Mitch Van Yahres: Elder statesman-- oak and maple, too
When Mitchell Van Yahres was approached in 1968 by a group of Democrats to run for City Council, he claims, he was probably "their third or fourth choice."
At the time he was working on a low-income housing project at his church, and he worried about abandoning that to run for office. He consulted his priest, who said somewhat prophetically, "You can do a lot more good in City Council," Van Yahres recalls 34 years later, the past 21 spent serving as Charlottesville's delegate in the General Assembly.
Van Yahres sat on City Council when it voted to turn the downtown into a pedestrian mall. Three of the five councilors couldn't vote on the mall because of conflicts of interest, leaving him as one of the two votes for the project. "What a feeling of power," he jokes.
But he's not patting himself on the back for casting the vote that set in motion today's vibrant downtown venue. "It scared the hell out of me at one point because it was going downhill," he admits. "It wasn't working." He firmly believes that construction of the much-maligned Omni Hotel was crucial to the survival of the mall.
Of all the legislation Van Yahres has put his name on over the years, the largest stir was not his support of a hemp resolution, nor of photo red legislation to catch red-light runners.
It was a resolution recognizing Carrie Buck, a young woman who, in 1927, was the first to be sterilized under Virginia's notorious eugenics law. "That created an enormous amount of publicity nationwide," says Van Yahres. "I think it was the newness that the state was taking a leadership role in erasing that stigma."
While Republicans have been jubilant over the November 5 elections, Van Yahres' reaction is subdued: "Sadness. Despair. Shock."
Has it made him consider retirement, like some other Democrats who have seen the Republican sweep as a good time to call it quits? "Every time I have to run again, I think about retiring," says Van Yahres. Certainly there are Dems poised to make a grab for his seat when he does decide to throw in the towel.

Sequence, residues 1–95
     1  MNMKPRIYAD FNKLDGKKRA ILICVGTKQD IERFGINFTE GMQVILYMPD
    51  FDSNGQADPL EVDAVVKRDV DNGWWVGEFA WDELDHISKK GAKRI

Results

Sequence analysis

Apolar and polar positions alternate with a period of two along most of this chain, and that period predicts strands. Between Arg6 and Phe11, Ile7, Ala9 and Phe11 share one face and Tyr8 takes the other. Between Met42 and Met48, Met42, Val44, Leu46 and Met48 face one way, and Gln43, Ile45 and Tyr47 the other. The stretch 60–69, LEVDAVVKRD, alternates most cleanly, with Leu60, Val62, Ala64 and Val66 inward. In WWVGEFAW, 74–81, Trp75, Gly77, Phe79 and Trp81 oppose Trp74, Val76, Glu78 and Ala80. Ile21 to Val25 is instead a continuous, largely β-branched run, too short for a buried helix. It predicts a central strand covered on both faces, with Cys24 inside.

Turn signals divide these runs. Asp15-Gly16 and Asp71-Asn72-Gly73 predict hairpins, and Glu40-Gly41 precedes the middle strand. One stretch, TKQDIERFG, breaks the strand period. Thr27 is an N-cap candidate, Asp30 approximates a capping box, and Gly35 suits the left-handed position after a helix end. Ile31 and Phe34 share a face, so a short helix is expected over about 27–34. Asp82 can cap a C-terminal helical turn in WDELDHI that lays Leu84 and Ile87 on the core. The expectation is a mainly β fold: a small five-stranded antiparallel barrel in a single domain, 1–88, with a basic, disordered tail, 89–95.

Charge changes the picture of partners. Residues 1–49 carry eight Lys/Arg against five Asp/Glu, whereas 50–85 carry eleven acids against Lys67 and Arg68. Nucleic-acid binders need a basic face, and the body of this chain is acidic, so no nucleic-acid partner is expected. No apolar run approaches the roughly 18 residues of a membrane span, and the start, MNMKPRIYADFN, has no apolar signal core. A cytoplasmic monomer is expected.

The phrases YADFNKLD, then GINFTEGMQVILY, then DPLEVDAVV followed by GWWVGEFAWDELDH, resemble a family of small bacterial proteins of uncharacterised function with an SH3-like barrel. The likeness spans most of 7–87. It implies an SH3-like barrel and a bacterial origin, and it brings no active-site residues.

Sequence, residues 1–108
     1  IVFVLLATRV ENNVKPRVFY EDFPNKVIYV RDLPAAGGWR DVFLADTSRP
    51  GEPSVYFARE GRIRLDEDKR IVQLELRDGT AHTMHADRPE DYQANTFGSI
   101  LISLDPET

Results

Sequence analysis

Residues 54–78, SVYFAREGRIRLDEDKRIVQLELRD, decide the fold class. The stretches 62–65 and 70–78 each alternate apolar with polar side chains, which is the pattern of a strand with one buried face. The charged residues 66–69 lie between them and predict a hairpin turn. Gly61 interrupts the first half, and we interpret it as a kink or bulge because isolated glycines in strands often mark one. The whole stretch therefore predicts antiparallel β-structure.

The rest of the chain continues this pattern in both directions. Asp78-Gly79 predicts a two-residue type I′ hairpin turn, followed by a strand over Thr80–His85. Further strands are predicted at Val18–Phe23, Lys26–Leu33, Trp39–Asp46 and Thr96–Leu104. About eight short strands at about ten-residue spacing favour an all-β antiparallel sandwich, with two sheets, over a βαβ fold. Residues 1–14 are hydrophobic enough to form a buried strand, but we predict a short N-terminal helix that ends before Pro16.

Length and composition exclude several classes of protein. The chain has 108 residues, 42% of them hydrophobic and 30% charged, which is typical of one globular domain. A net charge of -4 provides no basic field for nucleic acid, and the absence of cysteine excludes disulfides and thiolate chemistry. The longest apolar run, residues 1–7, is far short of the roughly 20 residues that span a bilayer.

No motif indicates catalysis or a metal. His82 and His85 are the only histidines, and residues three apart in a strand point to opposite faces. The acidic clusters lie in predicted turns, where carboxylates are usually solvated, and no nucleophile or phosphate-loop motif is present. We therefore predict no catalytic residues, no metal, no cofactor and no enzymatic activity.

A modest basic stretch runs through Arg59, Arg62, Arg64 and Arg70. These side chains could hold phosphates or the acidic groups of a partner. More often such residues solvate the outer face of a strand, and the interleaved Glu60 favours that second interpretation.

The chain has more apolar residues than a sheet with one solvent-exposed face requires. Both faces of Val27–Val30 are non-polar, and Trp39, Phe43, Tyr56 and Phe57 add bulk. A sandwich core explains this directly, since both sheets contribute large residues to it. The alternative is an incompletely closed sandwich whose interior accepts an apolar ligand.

As far as whether he's running in the 2003 elections, "I can't announce it because I don't know. After the General Assembly, come see me then," he suggests.
What brought you here? I moved here in 1949 to start the Van Yahres Tree Company.
What's worst about living here? Heat and humidity
Favorite hangout? My vegetable garden
Most overrated virtue? Patriotism when it's limited to flag waving and doesn't include other forms of political participation, like voting.
People would be surprised to know: That I used to be extremely shy.
If you could change one thing about yourself, what would it be? I'd be more organized.
What accomplishment are you proudest of? The increase in minority and female participation in city government during my tenure on City Council.
What do people find most annoying about you? I'm cheap. And the rest they don't tell me.
Whom do you admire? Jimmy Carter
Favorite book? The Queen and I by Sue Townsend
What subject causes you to rant? Wastefulness
What thrills you about life in the 21st century? That I'm still alive.
What creeps you out about life in the 21st century? The widespread acceptance of cheating in our schools.
What do you drive? A 1992 Toyota pickup
What's in your car tape player right now? Lindsey Buckingham's Go Insane
Next journey? Pittsburgh to see my son, daughter-in-law, and grandchildren
What's the most trouble you've ever gotten in? It had something to do with my childhood addiction to marbles.
What do you regret? Not knowing my ancestors or their stories.
Favorite comfort food? Raw stewing clams
What's always in your refrigerator? Beer
Must-see TV? West Wing, of course
Favorite cartoon? Road Runner
Describe a perfect day. Cold, rain or snow, a fire in the fireplace, a good book, and a beer.
Walter Mitty fantasy? To be an astronaut building a mall on Mars.
Who'd play you in the movie? Charlton Heston
Most embarrassing moment? When my lightning rod business was hit by lightning and destroyed.
Best advice you ever got? Keep your word.
Favorite bumper sticker? Assume nothing.